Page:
“Unfortunately, while organisations are developing new security mechanisms, cyber criminals are cultivating new techniques to circumvent them.”
Online security changes as quickly as the weather. New threats emerge all of the time, so it pays to be aware, and to know what to look out for. It is important to be ready for security breaches, and have system in place to adapt to them.
Through our Intelligence Centre, we will try and keep you posted on the biggest threats facing your IT system right now, and if needed, we can offer IT support and security systems to keep your data safe from harm.
The Biggest Threats to Your Online Security
The biggest threats to your online security in 2015 can be divided into 3 categories:
“Not all clouds are built alike; some are more vulnerable than others”
Cloud computing has opened us all up to a greater level of threat, as made very public in recent high profile data breaches. For your Chambers, our cloud computing systems offer access to a level of protection that would usually be out of the reach of many smaller organisations.
Bring Your Own Device to Work (BYOD)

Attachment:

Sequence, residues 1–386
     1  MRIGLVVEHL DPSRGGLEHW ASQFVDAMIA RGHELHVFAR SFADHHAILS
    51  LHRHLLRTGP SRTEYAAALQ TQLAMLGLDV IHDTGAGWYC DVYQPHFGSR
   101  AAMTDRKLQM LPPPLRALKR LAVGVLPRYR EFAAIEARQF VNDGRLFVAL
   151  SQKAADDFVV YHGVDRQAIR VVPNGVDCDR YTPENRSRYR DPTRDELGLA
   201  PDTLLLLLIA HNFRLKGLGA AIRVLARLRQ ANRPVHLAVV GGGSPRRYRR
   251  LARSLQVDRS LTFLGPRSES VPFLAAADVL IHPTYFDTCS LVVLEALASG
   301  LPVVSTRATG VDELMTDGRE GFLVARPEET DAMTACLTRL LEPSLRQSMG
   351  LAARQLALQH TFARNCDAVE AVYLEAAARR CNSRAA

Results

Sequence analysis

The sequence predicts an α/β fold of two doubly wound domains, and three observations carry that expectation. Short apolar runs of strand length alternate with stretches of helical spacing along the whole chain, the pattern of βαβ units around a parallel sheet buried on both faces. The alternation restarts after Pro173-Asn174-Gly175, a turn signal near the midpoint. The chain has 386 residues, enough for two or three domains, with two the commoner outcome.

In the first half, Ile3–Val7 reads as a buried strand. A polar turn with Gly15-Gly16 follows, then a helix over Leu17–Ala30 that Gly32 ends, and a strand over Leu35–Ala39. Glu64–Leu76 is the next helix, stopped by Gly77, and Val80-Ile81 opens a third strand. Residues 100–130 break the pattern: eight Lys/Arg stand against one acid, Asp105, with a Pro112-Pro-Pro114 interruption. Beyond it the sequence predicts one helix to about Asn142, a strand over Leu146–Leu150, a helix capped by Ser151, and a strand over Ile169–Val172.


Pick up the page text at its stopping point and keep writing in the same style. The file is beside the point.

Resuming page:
As it becomes a common trend for employees to bring their own mobile devices to work, the threat of external manipulation of software vulnerabilities is greatly increased.
Cyber space is now the preferred stomping ground for criminals and terrorists looking to make money or steal valuable files, data and information.
LATEST THREAT: Suspicious Microsoft Office Files
Microsoft recently released a warning about suspicious, specially crafted malware Microsoft files, which can give an attacker the same access rights as the person that open it. It is a vulnerability in all supported version of Microsoft Office dating back to 2003.
“Antivirus applications won’t catch this attack when you download the files because the malware is inside an already trusted file type”
The Microsoft Security TechCenter have reported that it is mainly Powerpoint files that have been affected so far, but are urging users to be aware that any Microsoft Office file could be used to carry the malware.
As with all IT security, you should be wary of any files you are unsure of and avoid downloading Microsoft Office files from strange websites. Make sure they are from a source you can trust and err on the side of caution. Microsoft has also suggested enabling User Account Control to reduce the risk of an attack. With this protection, a prompt is issued before The Object Linking and Embedding (OLE) malware can take effect.
We know that barristers and clerks frequently use Microsoft Office files, so we urge you to be vigilant. Until Microsoft can fix the problem, exercise caution so that your Chambers’ sensitive and confidential files are kept secure.
To find out more about how vulnerable you might be, read the full Microsoft Security Advisory, here.